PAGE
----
“We were extremely happy when we were notified that we had been accepted to Greenhouse. We know that this is an important fair for meeting the Scandinavian market. When we walked around the other halls, we were very impressed by the high standard of the exhibitors and all of the known brands that were here. Now, at the end of the week, we can definitely say that the fair met our expectations.”

Friends Of Handicraft

Mathilda Perem, Friends Of Handicraft

The high level of Swedish design education was well illustrated at the Friends Of Handicraft School’s stand, where three of the students who graduated in the spring displayed their work: Maki Fokine, Karina Süptitz and Michaela Jonsson. “Michaela in particular has received a lot of attention,” said Friends Of Handicraft School’s Marketing Coordinator, Mathilda Perem, who was at the stand when we stopped by.

“We have had lots of visitors, both other interested craftspeople and students. We are here primarily to present our organization and recruit new students to our school.”

Thom Fougers

Thom Fougers

Canadian Thom Fougers has his own design studio in his home town of Toronto. The furniture store Mjölk, is also located there and run by a married couple, John and Juli Baker. The store focuses on Scandinavian and Japan design.

“Since I find Scandinavian and Japanese design so inspiring, I contacted John and Juli. I also delivered a product to them – a stand with tools that are intended for smaller fire places. They recommended that I apply to Greenhouse.There are so many ideological and geographical similarities between Canada and Scandinavia, I really feel at home here.I have had discussions with producers here at the stand and when I have been out walking around in the other halls, so I hope that this really leads to something.”

VIA Design

Julie Carl, VIA Design, Denmark

Julie Carl is one of the 12 design students displaying her products in VIA’s exhibition in Greenhouse. VIA is a design academy in Denmark and its exhibitors represent a mix of students in their final year and students who graduated last spring.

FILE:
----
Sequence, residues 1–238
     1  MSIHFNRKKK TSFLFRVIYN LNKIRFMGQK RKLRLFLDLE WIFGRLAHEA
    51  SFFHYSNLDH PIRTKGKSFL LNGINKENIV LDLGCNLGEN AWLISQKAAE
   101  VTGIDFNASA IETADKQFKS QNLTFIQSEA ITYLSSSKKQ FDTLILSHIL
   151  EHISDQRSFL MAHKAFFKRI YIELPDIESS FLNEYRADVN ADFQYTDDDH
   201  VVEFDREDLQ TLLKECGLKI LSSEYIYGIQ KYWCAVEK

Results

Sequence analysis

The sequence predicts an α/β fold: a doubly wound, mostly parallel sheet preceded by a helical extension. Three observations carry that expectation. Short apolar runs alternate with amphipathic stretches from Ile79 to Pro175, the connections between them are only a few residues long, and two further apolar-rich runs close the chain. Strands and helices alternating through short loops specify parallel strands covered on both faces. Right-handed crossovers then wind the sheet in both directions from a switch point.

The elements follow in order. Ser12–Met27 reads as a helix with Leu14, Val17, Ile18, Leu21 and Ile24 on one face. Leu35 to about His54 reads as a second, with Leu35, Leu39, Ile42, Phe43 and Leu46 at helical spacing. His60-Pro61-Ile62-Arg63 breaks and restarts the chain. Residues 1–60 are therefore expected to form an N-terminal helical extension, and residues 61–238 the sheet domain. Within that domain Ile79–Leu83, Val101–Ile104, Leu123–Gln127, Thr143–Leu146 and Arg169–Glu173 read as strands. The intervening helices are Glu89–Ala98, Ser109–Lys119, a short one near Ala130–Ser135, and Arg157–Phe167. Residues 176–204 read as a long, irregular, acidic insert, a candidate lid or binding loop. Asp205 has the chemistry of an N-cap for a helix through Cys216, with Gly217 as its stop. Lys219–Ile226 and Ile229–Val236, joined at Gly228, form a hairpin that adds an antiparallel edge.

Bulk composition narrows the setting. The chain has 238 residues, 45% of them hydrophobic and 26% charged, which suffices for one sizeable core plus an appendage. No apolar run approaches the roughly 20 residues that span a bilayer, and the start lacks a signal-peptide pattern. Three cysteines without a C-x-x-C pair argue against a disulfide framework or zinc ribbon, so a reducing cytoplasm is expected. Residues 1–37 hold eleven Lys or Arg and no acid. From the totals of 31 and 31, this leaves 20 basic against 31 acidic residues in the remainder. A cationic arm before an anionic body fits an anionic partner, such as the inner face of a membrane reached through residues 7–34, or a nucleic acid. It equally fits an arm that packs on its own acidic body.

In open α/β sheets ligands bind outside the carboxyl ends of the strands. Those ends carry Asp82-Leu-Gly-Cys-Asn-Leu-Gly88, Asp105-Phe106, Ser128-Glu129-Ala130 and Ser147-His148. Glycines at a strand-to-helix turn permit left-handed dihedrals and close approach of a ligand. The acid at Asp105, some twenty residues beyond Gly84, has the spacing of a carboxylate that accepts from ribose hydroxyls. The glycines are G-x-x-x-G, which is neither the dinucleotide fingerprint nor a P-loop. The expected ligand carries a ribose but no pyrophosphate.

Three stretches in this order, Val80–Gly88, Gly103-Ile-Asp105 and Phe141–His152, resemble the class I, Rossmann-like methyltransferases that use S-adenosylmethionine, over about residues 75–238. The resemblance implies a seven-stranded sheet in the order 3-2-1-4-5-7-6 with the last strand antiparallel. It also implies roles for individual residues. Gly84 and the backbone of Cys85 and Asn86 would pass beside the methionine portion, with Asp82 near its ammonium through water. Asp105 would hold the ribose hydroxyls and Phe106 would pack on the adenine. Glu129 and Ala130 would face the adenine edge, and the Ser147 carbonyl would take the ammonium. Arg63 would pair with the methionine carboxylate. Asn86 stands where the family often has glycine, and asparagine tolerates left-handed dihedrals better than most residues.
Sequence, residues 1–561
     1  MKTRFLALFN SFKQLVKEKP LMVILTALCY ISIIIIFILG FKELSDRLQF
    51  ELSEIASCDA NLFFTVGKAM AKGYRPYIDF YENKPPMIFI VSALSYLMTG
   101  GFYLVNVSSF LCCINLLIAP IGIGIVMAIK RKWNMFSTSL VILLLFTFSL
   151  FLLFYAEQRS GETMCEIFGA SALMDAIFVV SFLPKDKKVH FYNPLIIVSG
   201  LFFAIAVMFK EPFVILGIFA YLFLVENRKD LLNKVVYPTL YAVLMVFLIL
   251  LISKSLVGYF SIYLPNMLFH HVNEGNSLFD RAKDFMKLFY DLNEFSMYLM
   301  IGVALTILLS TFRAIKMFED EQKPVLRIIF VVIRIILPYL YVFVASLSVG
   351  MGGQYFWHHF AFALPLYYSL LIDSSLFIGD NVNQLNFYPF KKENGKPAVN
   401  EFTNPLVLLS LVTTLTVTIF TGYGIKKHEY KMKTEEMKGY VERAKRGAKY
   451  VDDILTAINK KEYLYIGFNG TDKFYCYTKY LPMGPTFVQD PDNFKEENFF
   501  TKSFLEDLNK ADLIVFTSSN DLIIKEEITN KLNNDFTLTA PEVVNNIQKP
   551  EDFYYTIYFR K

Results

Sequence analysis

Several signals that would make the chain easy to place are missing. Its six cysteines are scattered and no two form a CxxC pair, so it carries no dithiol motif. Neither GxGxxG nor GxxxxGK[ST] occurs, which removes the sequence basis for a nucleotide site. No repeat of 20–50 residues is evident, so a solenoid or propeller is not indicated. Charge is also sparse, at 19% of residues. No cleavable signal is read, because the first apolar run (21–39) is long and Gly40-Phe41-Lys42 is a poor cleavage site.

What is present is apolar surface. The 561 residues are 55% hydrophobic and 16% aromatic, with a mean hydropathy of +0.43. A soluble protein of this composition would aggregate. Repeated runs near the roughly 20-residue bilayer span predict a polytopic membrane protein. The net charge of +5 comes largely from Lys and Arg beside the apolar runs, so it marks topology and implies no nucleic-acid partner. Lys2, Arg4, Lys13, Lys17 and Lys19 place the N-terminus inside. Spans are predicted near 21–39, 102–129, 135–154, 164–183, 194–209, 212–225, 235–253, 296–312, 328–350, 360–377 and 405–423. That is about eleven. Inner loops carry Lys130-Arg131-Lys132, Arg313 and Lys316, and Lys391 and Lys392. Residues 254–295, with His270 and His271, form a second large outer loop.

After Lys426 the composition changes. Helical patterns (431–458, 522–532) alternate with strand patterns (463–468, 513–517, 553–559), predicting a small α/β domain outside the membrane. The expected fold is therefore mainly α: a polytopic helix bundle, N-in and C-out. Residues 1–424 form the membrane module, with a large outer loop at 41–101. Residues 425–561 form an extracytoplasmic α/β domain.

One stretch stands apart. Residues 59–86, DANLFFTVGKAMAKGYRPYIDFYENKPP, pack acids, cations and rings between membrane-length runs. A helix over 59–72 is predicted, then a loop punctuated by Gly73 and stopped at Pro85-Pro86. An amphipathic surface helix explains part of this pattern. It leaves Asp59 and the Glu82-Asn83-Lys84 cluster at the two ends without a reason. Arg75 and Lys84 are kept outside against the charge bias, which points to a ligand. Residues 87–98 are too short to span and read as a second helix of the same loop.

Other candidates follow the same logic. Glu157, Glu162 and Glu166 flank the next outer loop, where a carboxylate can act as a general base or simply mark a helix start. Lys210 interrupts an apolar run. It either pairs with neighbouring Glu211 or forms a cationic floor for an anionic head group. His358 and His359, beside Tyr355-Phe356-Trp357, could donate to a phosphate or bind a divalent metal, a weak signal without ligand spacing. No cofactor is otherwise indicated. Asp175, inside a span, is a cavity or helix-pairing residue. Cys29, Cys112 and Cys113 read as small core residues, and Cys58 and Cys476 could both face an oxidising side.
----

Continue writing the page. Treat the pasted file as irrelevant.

“It is naturally exciting and a little bit nerve-wracking to display what we have learned during our five years at the school. Luckily, the feedback has been positive, and we have received a lot of praise. The feedback here is the hard truth, and it is extremely useful for us to step out into reality and get an idea of where we stand.”

Do you want to exhibit in Greenhouse 2017? Follow this link for more details.

R/Evolution in Paris

Last weekend we went from a sunny Stockholm to a cloudy Paris to visit the 16th edition of D’days, the Festival of Design. Despite the rainy weather we had a great trip and saw some great design. The theme of the year was Evolution or Revolution and Paris offered over 100 exhibitions, events, workshops, conferences and experiences around the city. We tried to visit as many of them as possible and here’s a small collection of what we managed to see during our visit.

Taiwan – Responsible tech.

Guest-of-Honour-Taiwan

Nebbia by nbt.Studio

nbt.Studio from Taiwan creates luxury products from e-waste and recycled materials. Nebbia is the vision of the coming future where Internet is everything. Nebbia can be connected to designated social network such as a Facebook page. When an assigned Facebook page is “liked”, Nebbia will appear it’s light in a different colour and pattern.

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Different exhibitions at the Galerie Joseph.

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Galeria-Joseph

The traveling exhibition “Best of Dutch design” presented the nine best designs from the Netherlands in 2015.

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Young talents

Young-Designers-Ddays-2016

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At the Musée des Arts Décoratifs, Stokke invited the visitors to take a seat in a maxi size version of its iconic Tripp Trapp chair to see things from a child’s perspective.

Stokke_Paris

ddays_stokkeAnd last but not least, one of the events we were looking forward to most, Dan Roosegaarde’s lighting installations.

Dan-Roosegaarde-Ddays-2016

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Ddays-Paris-2016

Design is Yours.

“The fair has an excellent international reputation”

Ineke Hans from the Netherlands was one of the ex-Guests of Honour who could be spotted among the stands at this year’s fair. And not just in person – several exhibitors were featuring her work: Offecct and Johanson Design were the ones she could recall off the top of her head.

“I’m currently involved in a project with another Scandinavian company, but it’s a secret for the time being,” reports Ineke Hans, who also happens to be a former fellow student of this year’s Guests of Honor Edward Barber and Jay Osgerby.

Ineke Hans

“All us designers and companies that meet up at Stockholm Furniture & Light Fair are one big, happy family,” she laughs. “There’s such a wonderfully relaxed and open atmosphere here in Sweden.”

Ineke Hans has a lot to say about the state of the world. We’re facing great changes and the industry needs to be aware of this. Mobility is a keyword in many aspects. Ineke is an example of this herself. She recently moved to London, but still has family in her home town of Arnhem in the Netherlands. But she’s also alluding to another kind of human mobility: the involuntary kind. This will also affect us all to a great extent.